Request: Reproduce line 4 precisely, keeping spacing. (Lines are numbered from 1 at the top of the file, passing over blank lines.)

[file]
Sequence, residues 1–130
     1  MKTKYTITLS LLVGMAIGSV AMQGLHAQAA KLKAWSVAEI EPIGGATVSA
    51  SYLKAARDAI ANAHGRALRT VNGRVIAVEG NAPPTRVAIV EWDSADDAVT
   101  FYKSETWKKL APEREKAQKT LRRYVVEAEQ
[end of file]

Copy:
   101  FYKSETWKKL APEREKAQKT LRRYVVEAEQ